All of Capitol Hill’s incoming apartment supply may not be enough to outstrip demand:
Demand continues to outpace new supply. That’s partly due to job growth. Conway Pedersen Economics reports that our region added 49,100 jobs since the first quarter of last year. Another positive trend has been in-migration to the region. While not exactly a measure of in-migration, driver license data is a close to “real-time” substitute. So far this year, the number of people in this region who turned in out-of-state licenses is up 16% from the same period last year.
So you will have to forgive the analysts at Dupre + Scott for licking their chops. These are boom times for apartment developers:
The market vacancy rate is 3.6% in the Puget Sound region. That’s down from 4% last fall. The vacancy rate has only been this low once before since 1980. So, if this is the calm before the storm, it is an extremely good way to start.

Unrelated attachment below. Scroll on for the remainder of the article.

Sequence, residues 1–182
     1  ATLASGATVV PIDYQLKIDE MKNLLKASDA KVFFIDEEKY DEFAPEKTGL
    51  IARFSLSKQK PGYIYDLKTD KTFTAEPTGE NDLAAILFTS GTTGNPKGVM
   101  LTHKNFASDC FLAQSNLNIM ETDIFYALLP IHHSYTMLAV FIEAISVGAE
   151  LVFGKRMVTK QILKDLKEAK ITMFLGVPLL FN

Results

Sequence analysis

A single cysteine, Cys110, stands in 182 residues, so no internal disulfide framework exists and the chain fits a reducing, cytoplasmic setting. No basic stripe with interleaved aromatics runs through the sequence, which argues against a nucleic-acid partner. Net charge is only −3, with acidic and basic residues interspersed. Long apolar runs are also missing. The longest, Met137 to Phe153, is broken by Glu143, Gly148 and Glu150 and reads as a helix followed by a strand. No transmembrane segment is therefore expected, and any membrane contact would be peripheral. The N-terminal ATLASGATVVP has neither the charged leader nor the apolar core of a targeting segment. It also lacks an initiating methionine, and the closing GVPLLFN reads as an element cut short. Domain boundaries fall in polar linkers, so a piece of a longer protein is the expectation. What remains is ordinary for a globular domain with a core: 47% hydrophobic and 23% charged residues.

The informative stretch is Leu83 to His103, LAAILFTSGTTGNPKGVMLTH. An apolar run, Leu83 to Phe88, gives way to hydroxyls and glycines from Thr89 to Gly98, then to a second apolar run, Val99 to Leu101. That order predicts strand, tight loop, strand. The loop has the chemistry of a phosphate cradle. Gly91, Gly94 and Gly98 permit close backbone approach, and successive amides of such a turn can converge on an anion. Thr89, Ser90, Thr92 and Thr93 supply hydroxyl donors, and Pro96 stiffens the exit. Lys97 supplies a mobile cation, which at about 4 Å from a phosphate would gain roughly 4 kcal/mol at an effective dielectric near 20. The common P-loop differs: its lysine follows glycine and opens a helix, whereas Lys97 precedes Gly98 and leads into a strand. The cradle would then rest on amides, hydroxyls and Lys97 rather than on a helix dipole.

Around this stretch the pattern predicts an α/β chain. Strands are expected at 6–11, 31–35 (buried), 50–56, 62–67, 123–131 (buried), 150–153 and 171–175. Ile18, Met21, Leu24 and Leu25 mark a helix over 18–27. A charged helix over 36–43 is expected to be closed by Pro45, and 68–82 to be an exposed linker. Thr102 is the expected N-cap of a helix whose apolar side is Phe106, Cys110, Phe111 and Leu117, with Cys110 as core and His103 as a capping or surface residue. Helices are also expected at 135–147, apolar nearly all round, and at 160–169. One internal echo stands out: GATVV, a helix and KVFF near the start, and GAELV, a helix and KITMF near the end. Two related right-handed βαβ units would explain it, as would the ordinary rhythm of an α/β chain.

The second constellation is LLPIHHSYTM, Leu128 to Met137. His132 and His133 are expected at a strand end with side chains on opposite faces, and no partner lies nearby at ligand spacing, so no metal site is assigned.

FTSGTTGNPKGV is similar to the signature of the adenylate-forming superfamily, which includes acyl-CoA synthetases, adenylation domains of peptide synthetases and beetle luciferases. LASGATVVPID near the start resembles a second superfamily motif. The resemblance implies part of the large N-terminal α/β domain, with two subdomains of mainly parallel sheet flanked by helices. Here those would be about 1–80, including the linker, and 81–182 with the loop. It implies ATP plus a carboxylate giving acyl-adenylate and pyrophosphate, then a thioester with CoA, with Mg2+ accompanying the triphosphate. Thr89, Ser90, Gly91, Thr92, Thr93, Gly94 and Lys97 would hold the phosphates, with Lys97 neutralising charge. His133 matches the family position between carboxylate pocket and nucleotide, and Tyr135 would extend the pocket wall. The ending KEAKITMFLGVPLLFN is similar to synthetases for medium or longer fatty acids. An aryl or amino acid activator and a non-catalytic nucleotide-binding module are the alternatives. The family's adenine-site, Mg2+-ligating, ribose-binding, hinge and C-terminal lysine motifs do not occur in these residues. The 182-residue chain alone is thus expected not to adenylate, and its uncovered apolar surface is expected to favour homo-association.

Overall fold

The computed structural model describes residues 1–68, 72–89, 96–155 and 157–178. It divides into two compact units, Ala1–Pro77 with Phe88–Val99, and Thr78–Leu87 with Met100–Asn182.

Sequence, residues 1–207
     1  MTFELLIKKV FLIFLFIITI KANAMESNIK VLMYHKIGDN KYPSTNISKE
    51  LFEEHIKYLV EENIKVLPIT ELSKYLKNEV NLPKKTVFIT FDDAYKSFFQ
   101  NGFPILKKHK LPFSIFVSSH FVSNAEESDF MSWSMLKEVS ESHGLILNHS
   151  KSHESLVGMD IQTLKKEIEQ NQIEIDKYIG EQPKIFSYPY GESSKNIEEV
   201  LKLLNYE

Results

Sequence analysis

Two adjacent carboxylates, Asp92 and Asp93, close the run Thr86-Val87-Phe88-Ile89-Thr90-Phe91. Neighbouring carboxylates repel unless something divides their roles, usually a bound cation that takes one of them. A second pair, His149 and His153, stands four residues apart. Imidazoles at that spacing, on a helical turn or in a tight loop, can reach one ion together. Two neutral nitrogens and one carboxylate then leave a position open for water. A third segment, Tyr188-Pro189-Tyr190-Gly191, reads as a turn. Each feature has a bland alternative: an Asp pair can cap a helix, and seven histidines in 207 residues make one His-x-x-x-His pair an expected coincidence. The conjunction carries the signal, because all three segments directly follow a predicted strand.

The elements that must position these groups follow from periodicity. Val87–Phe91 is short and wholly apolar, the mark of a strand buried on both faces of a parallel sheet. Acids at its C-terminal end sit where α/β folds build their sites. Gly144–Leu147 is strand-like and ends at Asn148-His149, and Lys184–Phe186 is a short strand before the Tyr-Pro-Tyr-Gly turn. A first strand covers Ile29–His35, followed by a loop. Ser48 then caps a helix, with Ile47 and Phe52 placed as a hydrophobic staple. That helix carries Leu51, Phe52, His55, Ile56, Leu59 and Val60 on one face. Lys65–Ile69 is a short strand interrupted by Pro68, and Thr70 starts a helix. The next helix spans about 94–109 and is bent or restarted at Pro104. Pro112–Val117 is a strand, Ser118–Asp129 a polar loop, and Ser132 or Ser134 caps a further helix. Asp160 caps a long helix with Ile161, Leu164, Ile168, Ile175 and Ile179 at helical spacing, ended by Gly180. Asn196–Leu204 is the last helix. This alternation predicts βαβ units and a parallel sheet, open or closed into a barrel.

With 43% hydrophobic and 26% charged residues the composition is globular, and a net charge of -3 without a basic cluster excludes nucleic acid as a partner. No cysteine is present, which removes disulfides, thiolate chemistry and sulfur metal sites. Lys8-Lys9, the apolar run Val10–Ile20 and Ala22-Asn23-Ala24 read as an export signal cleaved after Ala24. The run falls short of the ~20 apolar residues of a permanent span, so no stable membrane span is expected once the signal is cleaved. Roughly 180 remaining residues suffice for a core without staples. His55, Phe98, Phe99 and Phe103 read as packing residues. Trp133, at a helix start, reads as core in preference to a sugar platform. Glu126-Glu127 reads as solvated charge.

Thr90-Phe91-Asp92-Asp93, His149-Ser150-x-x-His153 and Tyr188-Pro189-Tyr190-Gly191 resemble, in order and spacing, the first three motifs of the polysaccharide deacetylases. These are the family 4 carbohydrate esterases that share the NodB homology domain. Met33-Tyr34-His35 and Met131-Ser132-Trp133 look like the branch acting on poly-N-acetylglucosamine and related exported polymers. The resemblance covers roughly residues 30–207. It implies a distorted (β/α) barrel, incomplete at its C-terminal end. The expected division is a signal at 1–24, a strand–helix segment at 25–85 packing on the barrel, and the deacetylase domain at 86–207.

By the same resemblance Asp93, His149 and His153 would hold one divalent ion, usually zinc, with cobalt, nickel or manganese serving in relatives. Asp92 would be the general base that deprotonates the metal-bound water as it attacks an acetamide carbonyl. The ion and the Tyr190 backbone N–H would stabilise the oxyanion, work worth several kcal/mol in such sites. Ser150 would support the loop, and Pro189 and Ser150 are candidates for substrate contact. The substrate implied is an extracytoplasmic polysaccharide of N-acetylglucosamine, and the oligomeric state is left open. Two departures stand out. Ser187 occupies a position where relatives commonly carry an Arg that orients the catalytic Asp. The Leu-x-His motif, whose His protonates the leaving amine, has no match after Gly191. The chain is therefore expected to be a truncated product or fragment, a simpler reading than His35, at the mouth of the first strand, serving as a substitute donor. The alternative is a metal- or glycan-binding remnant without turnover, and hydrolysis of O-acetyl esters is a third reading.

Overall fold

The gross rate including “vacancies in existing properties and new properties in lease-up” is reported at 5%. On Capitol Hill, the analysts say, the rate is even chop lick-ier: 3.6%
Meanwhile, rents rose 3.3% in the region over the past six months and are 7.5% higher than they were at this time in 2013, according to the report.
The analysts also say that there is enough new construction on Capitol Hill that the “rent premium” of new buildings is beginning to skew rent trends… higher. “We’re just beginning to see the rent distortion that new construction will create in a number of neighborhoods like Ballard, West Seattle, Capitol Hill, downtown Bellevue, and others,” the Dupre + Scott report concludes. “So beware the skew of the new.”
Fortunately, the City Council will have a new affordable housing plan this summer to sort it all out. Right?